Age cannot wither, nor custom stale, the infinite variety of our old folks at home…

I like old people, and I hope my saying so won't offend any of them. Some of my best friends are people, and many of them are quite elderly! One of my youthful relatives by marriage pointed out that I probably relate better to folks in their sunset years because I am over the hill (as she so politely phrases it). While it is true that one loses one's looks, hair, and wit (refer the name of this column) with the inexorable passage of time, it is also true that we are all on this journey together. Unless, of course, you're Cliff Richard or one of those myriad Peter Pan-like stars, singers, and sundry entertainers who age in reverse.

The point that I was trying to make before I was so rudely interrupted is that we all grow old. "Margot, are you grieving over Golden Grove unleaving?" as the poet so sympathetically asked.

We age, we wither, we die. And as we grow old, we increasingly become painfully aware that bones creak, brains slow, and brawn groans that a glory is passing away. As the poet also rather insightfully remarked, in conclusion: "It is Margot whom you grieve for." Pity, then, that while the blush of youth still lingers, we often treat our senior citizens with such scant respect.

Consider. We worship youth and idolize those who can and do because they are young and fit and hale and hearty and have the time, money, and energy. We favour the majorly athletic over the merely authentic. We like our demigods and demigoddesses young, free, and preferably single.

We lionize those who are limber, and likeable, and (like us perhaps) rather shallow. And, by Western standards at least, we put our middle-aged working folk out to pasture quite early in the piece - in fact, while professionals and academics and civil servants have still quite a bit of expertise, oomph, and chutzpah left in them with which to serve nation, state, and country… while also earning their living?

Also, the Central Bank, it was revealed only last weekend, has pulled the pin on pensioners - by scrapping the lucrative savings scheme, which had retired old folks who were once dependent on their interest income now left in the lurch, out in the cold… because affording them 20% on their slim pickings was too heavy a price to pay: too burdensome a promise to keep, perhaps? Fickleness, thy name is government - when it comes to forking out the cold hard dough, which widows and orphans live on!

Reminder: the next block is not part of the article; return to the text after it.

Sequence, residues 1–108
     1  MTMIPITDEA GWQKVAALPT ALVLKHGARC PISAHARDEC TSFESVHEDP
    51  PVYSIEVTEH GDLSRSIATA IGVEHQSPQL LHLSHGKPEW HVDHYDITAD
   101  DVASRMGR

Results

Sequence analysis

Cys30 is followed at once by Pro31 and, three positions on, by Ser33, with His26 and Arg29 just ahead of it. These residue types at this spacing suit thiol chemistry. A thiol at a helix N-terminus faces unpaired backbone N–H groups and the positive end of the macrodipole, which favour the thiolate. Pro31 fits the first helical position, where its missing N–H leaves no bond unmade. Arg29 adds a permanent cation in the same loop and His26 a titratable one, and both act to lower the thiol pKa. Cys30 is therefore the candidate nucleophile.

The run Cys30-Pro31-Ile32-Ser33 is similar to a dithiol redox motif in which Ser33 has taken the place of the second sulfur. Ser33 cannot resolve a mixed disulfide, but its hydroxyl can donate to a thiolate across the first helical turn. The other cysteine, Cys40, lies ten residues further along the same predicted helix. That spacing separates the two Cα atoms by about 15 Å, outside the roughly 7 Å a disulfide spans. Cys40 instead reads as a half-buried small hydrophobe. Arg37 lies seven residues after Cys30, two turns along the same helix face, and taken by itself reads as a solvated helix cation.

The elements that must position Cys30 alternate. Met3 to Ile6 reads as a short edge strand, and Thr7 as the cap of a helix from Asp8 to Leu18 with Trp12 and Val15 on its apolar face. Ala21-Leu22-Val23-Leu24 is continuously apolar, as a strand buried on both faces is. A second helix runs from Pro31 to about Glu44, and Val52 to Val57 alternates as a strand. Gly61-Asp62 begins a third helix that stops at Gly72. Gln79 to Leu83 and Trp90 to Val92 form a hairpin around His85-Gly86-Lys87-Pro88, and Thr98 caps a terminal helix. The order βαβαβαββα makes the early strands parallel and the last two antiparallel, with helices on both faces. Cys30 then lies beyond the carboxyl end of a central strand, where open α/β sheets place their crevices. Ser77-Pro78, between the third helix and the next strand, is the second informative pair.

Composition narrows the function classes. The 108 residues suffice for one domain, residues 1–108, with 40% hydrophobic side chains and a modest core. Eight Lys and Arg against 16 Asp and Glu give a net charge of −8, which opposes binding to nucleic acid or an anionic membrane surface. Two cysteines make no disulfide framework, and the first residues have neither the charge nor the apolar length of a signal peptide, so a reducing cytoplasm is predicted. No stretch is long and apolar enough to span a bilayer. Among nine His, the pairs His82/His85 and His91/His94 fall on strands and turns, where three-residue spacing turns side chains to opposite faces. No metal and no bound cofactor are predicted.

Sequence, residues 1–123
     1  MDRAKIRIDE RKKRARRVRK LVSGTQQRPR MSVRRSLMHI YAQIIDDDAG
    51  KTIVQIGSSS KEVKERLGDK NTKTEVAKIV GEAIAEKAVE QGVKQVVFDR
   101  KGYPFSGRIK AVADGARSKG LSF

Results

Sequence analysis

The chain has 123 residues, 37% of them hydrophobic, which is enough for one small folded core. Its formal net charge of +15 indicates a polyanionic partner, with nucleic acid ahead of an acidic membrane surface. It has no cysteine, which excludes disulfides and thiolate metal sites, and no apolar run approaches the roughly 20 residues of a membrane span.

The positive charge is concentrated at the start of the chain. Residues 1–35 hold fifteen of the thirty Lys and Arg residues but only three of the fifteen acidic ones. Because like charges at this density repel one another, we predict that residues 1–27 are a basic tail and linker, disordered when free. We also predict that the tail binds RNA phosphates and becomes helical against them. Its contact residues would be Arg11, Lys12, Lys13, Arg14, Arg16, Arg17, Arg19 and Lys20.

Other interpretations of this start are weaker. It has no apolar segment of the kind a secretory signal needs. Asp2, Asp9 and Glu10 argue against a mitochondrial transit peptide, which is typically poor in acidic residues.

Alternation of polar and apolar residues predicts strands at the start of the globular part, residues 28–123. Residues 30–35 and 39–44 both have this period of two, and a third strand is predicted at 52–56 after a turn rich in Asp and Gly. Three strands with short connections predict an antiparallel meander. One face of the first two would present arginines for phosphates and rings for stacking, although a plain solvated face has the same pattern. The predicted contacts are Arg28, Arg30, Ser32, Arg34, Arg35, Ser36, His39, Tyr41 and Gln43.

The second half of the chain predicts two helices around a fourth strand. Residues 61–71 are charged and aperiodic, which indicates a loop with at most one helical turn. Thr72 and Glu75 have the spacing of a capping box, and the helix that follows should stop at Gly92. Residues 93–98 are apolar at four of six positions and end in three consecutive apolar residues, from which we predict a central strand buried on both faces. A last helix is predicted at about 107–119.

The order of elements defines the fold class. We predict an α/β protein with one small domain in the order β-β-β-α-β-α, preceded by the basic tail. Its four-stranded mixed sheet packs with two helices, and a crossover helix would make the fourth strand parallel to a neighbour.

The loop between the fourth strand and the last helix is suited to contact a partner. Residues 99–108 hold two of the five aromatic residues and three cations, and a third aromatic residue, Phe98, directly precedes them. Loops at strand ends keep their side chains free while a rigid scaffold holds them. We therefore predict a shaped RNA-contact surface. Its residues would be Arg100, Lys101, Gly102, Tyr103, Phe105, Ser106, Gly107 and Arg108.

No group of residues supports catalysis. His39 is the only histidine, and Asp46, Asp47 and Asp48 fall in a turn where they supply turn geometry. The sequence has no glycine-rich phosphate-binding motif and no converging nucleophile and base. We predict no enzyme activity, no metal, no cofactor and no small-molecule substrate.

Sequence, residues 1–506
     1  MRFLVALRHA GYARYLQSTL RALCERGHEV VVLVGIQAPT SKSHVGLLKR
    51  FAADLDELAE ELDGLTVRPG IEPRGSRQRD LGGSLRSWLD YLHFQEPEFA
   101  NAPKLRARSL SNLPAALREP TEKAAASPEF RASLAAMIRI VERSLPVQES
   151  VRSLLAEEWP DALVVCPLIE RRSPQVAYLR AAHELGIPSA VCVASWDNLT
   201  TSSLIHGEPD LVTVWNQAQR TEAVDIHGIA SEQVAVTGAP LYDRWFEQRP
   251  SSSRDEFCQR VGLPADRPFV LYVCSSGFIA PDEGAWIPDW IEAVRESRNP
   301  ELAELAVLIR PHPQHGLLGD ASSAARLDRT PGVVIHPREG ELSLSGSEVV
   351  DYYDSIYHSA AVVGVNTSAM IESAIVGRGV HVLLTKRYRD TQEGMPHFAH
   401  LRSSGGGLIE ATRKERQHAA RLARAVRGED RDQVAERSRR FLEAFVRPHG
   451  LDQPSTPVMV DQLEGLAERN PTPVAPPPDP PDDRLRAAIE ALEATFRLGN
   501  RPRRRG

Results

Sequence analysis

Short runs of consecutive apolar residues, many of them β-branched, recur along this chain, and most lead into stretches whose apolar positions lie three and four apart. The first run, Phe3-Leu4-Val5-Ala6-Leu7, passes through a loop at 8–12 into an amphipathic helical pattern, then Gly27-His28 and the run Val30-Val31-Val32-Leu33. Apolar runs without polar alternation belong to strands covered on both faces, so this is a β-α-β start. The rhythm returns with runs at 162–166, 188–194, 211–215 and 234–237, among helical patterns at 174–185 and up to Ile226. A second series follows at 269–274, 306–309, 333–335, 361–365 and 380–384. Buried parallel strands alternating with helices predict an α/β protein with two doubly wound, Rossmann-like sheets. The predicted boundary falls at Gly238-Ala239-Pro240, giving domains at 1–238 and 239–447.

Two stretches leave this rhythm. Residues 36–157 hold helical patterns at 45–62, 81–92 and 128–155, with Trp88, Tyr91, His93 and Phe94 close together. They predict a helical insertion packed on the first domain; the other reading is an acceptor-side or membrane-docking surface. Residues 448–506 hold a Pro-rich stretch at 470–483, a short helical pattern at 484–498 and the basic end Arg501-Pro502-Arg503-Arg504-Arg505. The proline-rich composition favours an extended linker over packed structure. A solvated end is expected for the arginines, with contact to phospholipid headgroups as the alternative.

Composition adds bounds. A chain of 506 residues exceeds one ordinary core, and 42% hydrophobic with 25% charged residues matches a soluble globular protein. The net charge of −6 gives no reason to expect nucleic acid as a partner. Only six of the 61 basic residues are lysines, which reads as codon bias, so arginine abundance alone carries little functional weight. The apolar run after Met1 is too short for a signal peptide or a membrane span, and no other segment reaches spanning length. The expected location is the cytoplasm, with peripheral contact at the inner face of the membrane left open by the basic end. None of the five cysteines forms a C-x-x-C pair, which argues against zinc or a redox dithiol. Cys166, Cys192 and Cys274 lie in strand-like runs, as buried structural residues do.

While we're at it, let's point the other four fingers elsewhere at the same time that we give the treasury a rude Anglo-Saxon thumb. One, at schools and universities, which pay their longstanding teachers and senior lecturers a pittance by comparable professional standards. Two, at the private sector, which discriminates against older employees - by dint of not realizing that a flighty young co-worker at 30 is less stable and sure an investment, than a dedicated and committed team member at 40.

Three, at families, which relegate their once-beloved elders to old-age homes for no better reason than their parents and grandparents can be a right-royal nuisance (if only you would flash back to the time when they loved you, and weaned you and wormed you, and cleaned up your mess-after-mess right up after you?). Four, at friendships and "auld acquaintance" now grown cold… because the lad with whom you laughed and leaped, or the damsel with whom you dallied and loved, now has to get from place to place with a walker (if you would only fast-forward to your own impending seventh age: sans eye, sans tooth, sans everything). So… altogether now, thumbs up - and let those four other fingers point right back at you!

As for me, let me confess that I, too, have been in Arcady. Once. And now I have sinned, by virtue of leaving it so late to mourn for Margot and her ilk (or is it me I grieve for?). The words of another poet of yore spring to mind… one whose words dripped like water off a duck's back in that faraway classroom in another lifetime: "Let us honour if we can/ the vertical man/ though we value none/ but the horizontal one…" Or, as the Latin tag would have it: "Abiit, excessit, evasit, erupit." Meaning: it has left, it has gone, it is absconding, it has vanished. Youth, methinks?

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